Like many states, Florida has taken action over the past decade to transform industrial-era “vocational education” into more robust Career and Technical Education (CTE), which integrates academic rigor, employability, and technical skills that are in demand in today’s global marketplace. As more and more schools adopt these technology-based instructions, CTE programs have been increasingly recognized as a valuable teaching method that not only engage students but better prepare them for college and career success. Based on data provided by the Florida Department of Education, a new report from Grunwald Associates LLC, takes a closer look at students who are enrolled in CTE courses involving technology. The research highlights the following positive results:
- Students who completed at least one technology course, and took at least one industry certification exam, had significantly higher GPAs than comparable students. Florida high school students who took at least one technology course had an average GPA of 2.92, compared to an average GPA of 2.55 for students of similar demographics who took no technology classes.
- Students who completed at least one technology course, and took at least one industry certification exam, had significantly higher attendance rates than comparable students. On average, CTE Florida students attended 165.2 days in the 180-day school year while students who took no technology courses or exams attended 148.5 days of school. That amounts to an average of almost 17 more days—or more than three weeks!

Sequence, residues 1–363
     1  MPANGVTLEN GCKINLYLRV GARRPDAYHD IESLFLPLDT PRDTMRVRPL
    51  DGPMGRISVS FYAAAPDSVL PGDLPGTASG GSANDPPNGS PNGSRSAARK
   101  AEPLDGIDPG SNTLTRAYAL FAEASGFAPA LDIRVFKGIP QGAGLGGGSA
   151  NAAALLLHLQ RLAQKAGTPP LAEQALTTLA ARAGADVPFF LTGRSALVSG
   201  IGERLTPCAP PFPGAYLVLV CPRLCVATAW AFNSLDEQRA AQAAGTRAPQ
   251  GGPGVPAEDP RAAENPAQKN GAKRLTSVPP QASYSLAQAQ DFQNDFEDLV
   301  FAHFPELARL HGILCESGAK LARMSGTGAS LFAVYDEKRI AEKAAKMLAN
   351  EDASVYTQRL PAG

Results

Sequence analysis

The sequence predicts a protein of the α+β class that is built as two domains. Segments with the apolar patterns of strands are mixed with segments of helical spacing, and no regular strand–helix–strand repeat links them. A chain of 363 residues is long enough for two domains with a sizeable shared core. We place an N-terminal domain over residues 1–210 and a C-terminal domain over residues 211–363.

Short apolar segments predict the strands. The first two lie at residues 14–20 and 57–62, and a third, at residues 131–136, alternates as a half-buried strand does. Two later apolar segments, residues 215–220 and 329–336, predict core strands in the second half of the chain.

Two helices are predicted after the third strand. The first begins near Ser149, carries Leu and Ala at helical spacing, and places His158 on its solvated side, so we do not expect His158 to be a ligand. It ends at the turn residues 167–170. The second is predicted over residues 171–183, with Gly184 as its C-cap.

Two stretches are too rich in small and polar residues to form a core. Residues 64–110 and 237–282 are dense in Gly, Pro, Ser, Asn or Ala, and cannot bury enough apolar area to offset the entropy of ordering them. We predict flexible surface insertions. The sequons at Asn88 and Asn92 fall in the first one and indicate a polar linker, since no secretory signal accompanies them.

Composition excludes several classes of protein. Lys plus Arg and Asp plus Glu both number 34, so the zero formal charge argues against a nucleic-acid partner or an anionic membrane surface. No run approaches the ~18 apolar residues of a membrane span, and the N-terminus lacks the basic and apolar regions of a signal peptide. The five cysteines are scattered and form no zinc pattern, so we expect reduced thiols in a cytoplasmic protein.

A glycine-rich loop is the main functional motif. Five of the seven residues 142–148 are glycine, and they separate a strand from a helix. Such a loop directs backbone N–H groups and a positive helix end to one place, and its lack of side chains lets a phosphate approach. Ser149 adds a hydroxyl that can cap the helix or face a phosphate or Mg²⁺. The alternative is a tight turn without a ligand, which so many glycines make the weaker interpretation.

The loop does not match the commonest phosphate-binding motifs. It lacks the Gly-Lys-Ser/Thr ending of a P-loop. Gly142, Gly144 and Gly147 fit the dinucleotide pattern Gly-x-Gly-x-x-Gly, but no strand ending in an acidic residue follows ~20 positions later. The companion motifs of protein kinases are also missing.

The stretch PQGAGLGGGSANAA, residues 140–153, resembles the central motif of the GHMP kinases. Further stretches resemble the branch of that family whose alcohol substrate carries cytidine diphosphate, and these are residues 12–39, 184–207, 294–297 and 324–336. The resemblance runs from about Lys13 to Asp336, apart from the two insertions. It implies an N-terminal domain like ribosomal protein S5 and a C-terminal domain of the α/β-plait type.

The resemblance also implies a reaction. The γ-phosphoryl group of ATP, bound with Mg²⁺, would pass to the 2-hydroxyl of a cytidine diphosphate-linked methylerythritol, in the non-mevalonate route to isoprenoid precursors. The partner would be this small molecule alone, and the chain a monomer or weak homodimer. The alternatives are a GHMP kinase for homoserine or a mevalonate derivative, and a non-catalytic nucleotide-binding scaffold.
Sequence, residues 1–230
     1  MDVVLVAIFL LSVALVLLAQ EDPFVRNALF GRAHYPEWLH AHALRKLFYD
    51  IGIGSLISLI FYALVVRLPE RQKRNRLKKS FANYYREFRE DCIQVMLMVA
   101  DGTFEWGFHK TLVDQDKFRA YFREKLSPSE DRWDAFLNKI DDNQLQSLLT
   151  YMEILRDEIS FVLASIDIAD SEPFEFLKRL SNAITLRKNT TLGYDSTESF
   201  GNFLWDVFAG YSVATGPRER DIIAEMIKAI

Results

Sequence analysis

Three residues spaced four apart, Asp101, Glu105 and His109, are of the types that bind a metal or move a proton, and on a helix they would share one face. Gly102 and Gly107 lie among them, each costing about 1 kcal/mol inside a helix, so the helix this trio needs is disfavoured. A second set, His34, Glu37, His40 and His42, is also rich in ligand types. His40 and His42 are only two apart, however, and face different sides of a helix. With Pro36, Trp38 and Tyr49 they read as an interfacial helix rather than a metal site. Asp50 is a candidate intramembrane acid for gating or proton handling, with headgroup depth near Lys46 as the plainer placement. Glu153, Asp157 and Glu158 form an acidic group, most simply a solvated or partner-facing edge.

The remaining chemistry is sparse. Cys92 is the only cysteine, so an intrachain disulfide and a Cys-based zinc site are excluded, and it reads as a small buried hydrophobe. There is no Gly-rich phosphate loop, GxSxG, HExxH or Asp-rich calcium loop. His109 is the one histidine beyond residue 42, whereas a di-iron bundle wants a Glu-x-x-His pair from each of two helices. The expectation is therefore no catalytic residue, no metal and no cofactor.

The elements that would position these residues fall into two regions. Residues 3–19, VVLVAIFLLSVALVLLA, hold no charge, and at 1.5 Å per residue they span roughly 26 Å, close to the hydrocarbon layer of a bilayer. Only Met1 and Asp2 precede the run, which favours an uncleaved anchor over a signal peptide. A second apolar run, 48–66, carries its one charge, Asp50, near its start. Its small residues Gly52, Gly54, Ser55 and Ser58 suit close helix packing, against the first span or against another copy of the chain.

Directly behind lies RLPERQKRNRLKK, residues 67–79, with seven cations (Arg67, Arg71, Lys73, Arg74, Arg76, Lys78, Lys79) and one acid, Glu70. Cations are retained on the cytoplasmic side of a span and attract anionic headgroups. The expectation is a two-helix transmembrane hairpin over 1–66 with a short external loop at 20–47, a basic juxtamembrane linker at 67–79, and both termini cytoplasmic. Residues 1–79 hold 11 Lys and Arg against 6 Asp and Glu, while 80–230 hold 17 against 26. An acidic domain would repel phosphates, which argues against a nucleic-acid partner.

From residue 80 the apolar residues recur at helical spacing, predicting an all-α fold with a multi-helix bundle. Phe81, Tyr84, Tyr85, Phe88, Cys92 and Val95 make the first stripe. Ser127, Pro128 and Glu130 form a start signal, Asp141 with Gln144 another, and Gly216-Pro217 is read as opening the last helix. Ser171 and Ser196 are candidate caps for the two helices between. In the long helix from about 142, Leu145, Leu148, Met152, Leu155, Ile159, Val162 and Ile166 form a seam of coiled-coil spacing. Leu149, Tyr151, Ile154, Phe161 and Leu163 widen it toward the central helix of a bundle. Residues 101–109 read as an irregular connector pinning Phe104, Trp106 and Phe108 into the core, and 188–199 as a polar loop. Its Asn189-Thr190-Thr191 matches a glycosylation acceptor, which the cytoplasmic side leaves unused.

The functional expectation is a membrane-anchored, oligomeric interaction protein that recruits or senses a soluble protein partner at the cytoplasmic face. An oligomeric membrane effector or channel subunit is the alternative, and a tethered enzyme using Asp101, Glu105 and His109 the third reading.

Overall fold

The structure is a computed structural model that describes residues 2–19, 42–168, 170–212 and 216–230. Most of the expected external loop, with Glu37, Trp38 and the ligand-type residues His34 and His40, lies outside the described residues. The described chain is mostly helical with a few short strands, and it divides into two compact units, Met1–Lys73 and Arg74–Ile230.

Attendance is one way that schools gauge student engagement in learning—and increased attendance can be viewed as a necessary condition for improved GPA. For years, anecdotal evidence has been pointing to positive results when academic programs are matched with engaging career and project-based learning environments. Improved grades and daily attendance are also the key benefits of students who attend Southwest Career and Technical Academy (SWCTA) in Clark County, Nevada. No matter how you look at it, it is clear that Career and Technical Education programs are appearing to help students succeed in school and beyond. For more information and insight, check out the full Grunwald report here.